I’m told July is Nectarine and Garlic Month — I hope that doesn’t mean we should eat them together! As tempted as I am to go hunting for recipes that use both (come to think of it, I may have one), I think it’s time for some more exotic (or at least unusual) summer drinks.

Bee sting
1 Tbsp honey, warmed if possible
1 Tbsp balsamic or raspberry vinegar
1.5 cup seltzer or sparkling water, chilled
ice cubes
Combine honey and vinegar; add water and stir once. Serve over ice.
Source unknown

Salty puppy
coarse salt
crushed ice
1 cup grapefruit juice
club soda, chilled
fresh mint, for garnish (optional)
Moisten rims of 2 glasses and dip in salt. Fill with ice and divide juice between them. Fill with club soda.
Source unknown

Lotus blossom
1 ripe banana, peeled and chunked
1 ripe peach, peeled, pitted, and chunked
1 ripe nectarine, ”
dash almond extract
24 oz. chilled ginger ale
Puree all ingredients except ginger ale until smooth. Pour ca. 1 c each into 5 tall glasses and fill with ginger ale. Stir gently.
Source unknown

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Newsletters: 14 July, 2010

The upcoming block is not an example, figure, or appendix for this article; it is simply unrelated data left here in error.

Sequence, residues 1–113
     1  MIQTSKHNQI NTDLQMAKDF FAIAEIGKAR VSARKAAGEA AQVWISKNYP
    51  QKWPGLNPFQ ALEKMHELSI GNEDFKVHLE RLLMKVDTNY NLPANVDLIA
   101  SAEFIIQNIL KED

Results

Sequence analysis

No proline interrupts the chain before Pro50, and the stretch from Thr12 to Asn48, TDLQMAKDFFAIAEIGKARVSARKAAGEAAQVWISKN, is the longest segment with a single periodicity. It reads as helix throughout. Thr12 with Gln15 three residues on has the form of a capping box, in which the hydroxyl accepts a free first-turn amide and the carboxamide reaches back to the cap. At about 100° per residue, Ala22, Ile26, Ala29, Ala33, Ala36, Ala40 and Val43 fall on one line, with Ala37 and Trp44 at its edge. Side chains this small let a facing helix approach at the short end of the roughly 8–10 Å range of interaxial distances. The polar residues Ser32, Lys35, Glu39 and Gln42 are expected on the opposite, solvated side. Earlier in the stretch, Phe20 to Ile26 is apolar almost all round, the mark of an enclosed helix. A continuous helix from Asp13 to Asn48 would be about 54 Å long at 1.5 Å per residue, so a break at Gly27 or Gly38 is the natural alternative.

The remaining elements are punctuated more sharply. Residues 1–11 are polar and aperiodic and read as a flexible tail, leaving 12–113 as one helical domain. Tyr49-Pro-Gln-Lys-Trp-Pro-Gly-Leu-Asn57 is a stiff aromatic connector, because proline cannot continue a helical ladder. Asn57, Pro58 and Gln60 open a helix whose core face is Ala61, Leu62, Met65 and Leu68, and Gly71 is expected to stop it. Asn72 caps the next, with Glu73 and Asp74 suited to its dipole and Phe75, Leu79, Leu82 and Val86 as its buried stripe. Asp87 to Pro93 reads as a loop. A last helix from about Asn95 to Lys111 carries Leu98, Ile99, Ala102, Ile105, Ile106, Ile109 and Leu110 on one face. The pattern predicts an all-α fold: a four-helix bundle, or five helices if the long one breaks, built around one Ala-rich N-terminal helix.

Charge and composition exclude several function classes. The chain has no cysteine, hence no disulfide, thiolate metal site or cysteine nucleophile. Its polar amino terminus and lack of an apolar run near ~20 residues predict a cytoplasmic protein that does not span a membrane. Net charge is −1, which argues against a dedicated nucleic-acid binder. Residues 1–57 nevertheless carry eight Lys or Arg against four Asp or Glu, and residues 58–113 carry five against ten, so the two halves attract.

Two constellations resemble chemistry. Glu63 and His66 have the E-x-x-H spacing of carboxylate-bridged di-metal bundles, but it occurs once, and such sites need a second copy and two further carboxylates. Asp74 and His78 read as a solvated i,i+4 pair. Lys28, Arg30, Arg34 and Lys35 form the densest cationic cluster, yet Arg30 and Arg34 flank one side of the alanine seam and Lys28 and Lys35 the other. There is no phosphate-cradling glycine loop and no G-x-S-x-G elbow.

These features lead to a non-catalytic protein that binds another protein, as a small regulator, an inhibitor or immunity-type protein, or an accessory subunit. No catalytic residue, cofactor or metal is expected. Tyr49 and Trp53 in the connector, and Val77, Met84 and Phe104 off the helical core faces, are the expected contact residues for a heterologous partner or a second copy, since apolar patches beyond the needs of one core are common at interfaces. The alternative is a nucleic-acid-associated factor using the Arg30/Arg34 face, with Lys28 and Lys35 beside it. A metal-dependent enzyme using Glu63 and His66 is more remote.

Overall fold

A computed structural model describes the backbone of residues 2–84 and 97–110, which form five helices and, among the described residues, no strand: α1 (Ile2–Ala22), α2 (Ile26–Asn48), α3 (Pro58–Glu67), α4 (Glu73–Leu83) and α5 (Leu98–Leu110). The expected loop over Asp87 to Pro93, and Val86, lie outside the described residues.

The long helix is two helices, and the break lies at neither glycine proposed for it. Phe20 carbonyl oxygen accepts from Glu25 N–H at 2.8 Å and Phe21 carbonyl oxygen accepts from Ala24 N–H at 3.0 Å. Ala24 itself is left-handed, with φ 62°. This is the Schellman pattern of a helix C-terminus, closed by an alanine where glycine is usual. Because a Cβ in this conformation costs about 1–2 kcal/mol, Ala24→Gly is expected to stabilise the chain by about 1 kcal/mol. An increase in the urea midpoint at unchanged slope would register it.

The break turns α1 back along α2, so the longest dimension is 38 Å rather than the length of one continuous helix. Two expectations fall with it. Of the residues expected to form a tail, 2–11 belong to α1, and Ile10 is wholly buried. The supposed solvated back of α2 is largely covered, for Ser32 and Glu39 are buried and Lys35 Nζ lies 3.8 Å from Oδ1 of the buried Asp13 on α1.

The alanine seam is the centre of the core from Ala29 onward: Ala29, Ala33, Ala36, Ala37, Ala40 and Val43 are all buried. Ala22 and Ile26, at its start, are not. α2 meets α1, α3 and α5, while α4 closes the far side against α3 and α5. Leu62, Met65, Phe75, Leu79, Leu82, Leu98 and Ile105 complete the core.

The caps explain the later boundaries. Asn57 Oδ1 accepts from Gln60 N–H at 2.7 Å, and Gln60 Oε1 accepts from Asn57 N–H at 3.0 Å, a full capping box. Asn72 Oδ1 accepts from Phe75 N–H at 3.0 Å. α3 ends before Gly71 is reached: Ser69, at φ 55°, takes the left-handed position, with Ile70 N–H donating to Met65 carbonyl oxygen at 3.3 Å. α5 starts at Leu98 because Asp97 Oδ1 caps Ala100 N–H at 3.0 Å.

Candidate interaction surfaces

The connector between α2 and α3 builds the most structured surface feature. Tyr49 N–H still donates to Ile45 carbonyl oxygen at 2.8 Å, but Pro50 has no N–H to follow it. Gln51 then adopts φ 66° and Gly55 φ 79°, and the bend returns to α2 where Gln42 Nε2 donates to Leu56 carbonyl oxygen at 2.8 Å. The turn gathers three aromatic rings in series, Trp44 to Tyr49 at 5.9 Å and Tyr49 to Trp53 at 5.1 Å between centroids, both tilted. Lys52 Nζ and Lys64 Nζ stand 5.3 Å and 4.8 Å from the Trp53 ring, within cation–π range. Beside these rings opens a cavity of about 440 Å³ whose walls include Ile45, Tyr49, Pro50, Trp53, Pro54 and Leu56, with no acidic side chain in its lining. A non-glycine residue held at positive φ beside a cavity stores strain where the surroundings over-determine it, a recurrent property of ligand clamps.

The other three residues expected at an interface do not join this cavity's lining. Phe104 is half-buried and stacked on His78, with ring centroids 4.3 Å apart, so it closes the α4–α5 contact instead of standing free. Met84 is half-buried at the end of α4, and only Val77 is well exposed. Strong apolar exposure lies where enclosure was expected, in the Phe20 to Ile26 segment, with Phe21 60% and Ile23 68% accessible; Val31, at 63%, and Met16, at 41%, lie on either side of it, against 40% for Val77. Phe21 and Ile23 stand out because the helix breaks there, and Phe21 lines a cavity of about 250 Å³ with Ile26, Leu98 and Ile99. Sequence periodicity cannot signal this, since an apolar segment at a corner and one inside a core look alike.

Excerpt from the Market Newsletter originally published on 14 July, 2010. View the full newsletter for all the photos and links.

Cooking, and reading about cooking
After all that heat last week I started looking for some recipes that didn’t require any cooking (there’s only so much you can do with pre-cooked, frozen hamburger patties and a microwave, and it gets monotonous). Here’s a couple of no-heat salads from a pretty little book the Market Manager lent me. We’ll probably be seeing more from this book as the season progresses.

Traditional Greek salad
7 oz Greek feta cheese, cut into 1-inch cubes
1 lettuce such as romaine or escarole, shredded or sliced
4 tomatoes, quartered
1/2 cucumber, sliced
12 black Greek olives, pitted
2 Tbsp. chopped fresh herbs such as oregano, parsley, mint, or basil
6 Tbsp extra-virgin olive oil
2 Tbsp fresh lemon juice
1 garlic clove, crushed
pinch of sugar
salt and pepper to taste
Whisk the dressing ingredients together and set aside. Put lettuce, tomatoes, and cucumber into a large salad bowl; add the cheese cubes and toss together. Whisk the dressing again, pour it over the salad and toss. Serve garnished with the olives and chopped herbs.

Spring clean salad
2 dessert apples, cored and diced
juice of 1 lemon
large chunk of watermelon, seeded and cubed
1 head Belgian endive, sliced into rounds
4 ribs celery with leaves, coarsely chopped
1 Tbsp. walnut oil
Mix apple cubes and lemon juice so apples will not go brown. Add remaining ingredients except oil and mix gently. Stir in the walnut oil.

Both of these recipes are from…

Salads : creative salads to delight and inspire. Love Food, 2009. — Recommended by your Market Manager, Connie.

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Newsletters: 6 July, 2011